However, an exact linear correlation of longitudinal global strain and SR with LVEF should not be expected because longitudinal motion partly contributes to LVEF value. Indeed, impaired myocardial contractility appears to first affect the endocardial layers, explaining that longitudinal motion markers may be more sensitive than LVEF in identifying early changes of myocardial contractility.9,26 Longitudinal motion may be quantified either by strain or SR, which is supposed to be load independent10 and superior to strain in assessing myocardial contractility and prognosis. However, our data demonstrate that both strain and SR values correlate with pulmonary wedge pressure estimated using E/e′ ratio. In addition, SR does not appear to be superior to strain in predicting outcome in HF patients. Superiority of strain over SR may also be related to less noised data, allowing an easier assessment of peak value. The use of longitudinal global strain by speckle tracking in assessing LV contractility should be encouraged in clinical practice for its good reproducibility and ability to stratify the outcome of HF patients. The negative predictive value (84%) of global strain (<−9%) is particularly interesting in identifying patients at low risk of cardiac events. Despite its limited specificity (54%) and positive predictive value (53%), a severe reduced global strain >−9% indicates an increase of the risk of cardiac events by 5.1. This suggests that these patients may require a more aggressive medical treatments and monitoring.
Myocardial contractility was assessed by 2D imaging, although 3D echocardiography or cardiac cine-MRI may provide better LVEF25 and volume measurements. However, comparison with 2D LVEF, largely available, better reflects current clinically practices. In addition, the study was focused on longitudinal strain data, which are known to be a sensitive marker of early LV dysfunction. Available short-axis data have not been included in the analysis because the strain data from the whole myocardium (16-segment model) cannot be obtained in all patients. The primary end point of the study was a composite outcome that included recurrent HF, cardiac assistance, and death. However, most of events (n=47) reported were recurrent HF (29/47, 62%). Future study including a larger number of patients should address the individual impact of longitudinal global on HF mortality and also on the occurrence of ventricular arrhythmia and recurrent myocardial ischemia.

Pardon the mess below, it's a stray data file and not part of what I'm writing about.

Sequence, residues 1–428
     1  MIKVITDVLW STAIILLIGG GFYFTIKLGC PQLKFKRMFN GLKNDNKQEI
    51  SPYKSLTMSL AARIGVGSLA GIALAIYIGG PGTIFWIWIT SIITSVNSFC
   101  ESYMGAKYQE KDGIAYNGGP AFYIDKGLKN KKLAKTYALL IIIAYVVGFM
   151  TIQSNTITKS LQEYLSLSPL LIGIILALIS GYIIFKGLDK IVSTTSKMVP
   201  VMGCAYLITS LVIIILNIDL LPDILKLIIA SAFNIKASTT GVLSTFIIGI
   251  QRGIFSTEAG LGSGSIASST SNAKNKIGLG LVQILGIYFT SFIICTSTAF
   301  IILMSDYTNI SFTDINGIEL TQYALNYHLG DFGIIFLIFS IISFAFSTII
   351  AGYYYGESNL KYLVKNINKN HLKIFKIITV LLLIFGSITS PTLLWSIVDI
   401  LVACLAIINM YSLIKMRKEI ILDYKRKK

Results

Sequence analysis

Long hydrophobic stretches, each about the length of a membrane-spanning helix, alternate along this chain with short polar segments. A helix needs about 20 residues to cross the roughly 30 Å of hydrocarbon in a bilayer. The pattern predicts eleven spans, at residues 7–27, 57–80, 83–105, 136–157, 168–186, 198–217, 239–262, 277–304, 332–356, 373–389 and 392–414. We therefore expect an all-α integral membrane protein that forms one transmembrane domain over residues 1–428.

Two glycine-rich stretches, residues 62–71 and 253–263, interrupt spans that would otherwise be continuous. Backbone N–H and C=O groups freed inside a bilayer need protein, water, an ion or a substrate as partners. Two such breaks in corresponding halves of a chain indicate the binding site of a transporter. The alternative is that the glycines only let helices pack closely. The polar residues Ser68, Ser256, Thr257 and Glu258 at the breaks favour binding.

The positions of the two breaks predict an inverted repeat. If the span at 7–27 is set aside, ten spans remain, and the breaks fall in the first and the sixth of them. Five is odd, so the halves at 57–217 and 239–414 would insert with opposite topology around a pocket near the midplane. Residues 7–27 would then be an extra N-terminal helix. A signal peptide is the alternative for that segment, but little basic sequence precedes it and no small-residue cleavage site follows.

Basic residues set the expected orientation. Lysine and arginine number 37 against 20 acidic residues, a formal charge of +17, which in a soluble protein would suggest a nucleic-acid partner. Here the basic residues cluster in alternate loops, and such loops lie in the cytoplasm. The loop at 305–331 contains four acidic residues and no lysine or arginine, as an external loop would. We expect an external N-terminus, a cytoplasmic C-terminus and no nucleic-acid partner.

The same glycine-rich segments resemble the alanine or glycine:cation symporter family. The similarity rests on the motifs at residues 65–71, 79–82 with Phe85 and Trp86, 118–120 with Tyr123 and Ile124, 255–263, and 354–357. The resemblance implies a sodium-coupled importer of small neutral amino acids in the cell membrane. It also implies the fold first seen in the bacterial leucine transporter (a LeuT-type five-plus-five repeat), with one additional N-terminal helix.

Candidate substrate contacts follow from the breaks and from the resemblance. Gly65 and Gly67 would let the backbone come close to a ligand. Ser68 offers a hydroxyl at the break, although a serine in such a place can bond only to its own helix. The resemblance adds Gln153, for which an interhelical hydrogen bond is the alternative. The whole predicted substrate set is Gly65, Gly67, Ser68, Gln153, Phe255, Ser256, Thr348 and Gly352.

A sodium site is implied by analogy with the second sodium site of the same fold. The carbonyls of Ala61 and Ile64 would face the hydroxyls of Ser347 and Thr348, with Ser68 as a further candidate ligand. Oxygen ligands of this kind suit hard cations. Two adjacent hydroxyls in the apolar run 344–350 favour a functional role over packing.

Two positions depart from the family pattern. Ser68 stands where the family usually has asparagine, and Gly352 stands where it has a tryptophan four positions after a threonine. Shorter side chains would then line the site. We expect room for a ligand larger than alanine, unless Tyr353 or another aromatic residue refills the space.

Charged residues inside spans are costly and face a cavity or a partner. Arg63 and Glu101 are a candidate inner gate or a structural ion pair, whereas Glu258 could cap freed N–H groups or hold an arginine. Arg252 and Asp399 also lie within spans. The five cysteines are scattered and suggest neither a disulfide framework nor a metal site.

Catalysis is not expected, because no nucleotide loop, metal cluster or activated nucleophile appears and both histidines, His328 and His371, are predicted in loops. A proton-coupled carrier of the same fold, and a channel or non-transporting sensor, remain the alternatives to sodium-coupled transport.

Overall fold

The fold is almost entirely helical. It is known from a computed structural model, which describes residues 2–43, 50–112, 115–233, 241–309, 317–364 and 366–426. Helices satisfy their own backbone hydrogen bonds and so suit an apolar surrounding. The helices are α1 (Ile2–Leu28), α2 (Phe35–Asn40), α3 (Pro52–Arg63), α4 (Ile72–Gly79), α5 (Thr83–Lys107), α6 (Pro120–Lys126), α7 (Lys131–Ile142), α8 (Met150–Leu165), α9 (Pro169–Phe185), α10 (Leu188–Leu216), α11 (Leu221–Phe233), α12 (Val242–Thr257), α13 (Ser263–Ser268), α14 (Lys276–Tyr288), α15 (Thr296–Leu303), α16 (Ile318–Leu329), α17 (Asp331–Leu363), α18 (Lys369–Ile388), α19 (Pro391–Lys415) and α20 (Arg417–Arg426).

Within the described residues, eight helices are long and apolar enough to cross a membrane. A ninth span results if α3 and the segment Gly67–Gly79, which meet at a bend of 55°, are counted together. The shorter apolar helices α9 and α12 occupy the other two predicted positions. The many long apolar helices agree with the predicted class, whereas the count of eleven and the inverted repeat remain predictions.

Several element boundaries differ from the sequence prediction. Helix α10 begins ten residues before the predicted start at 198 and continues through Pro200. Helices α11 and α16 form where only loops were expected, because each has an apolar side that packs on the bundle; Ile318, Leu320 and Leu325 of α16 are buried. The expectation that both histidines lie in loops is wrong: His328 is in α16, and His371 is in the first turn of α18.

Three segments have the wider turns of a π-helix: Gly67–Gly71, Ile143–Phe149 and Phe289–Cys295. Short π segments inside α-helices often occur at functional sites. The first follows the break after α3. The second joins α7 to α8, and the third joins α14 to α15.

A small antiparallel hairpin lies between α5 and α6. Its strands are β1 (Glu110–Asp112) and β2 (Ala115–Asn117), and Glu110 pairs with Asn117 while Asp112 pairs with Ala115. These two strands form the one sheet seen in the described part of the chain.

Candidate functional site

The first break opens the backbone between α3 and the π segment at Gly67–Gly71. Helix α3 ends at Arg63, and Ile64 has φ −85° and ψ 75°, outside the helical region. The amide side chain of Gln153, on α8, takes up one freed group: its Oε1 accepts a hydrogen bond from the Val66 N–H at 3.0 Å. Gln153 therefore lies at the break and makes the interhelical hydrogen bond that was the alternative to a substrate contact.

Impaired longitudinal global strain >−9% is associated with an increase of cardiovascular events in HF patients. Importantly, longitudinal global strain by speckle tracking appears to be superior to SR and LVEF in predicting outcome in chronic HF. This highlights the need of future studies assessing the impact of medical decision based on strain measurement rather than LVEF.
Rosamond W, Flegal K, Furie K, Go A, Greenlund K, Haase N, Hailpern SM, Ho M, Howard V, Kissela B, Kittner S, Lloyd-Jones D, McDermott M, Meigs J, Moy C, Nichol G, O'Donnell C, Roger V, Sorlie P, Steinberger J, Thom T, Wilson M, Hong Y. Heart disease and stroke statistics: 2008 update: a report from the American Heart Association Statistics Committee and Stroke Statistics Subcommittee. Circulation. 2008; 117: e25–e146.
Schaufelberger M, Swedberg K, Koster M, Rosen M, Rosengren A. Decreasing one-year mortality and hospitalization rates for heart failure in Sweden: data from the Swedish Hospital Discharge Registry 1988 to 2000. Eur Heart J. 2004; 25: 300–307.
Dickstein K, Cohen-Solal A, Filippatos G, McMurray JJ, Ponikowski P, Poole-Wilson PA, Stromberg A, van Veldhuisen DJ, Atar D, Hoes AW, Keren A, Mebazaa A, Nieminen M, Priori SG, Swedberg K, Vahanian A, Camm J, De Caterina R, Dean V, Funck-Brentano C, Hellemans I, Kristensen SD, McGregor K, Sechtem U, Silber S, Tendera M, Widimsky P, Zamorano JL. ESC Guidelines for the diagnosis and treatment of acute and chronic heart failure 2008: the Task Force for the Diagnosis and Treatment of Acute and Chronic Heart Failure 2008 of the European Society of Cardiology. Developed in collaboration with the Heart Failure Association of the ESC (HFA) and endorsed by the European Society of Intensive Care Medicine (ESICM). Eur Heart J. 2008; 29: 2388–2442.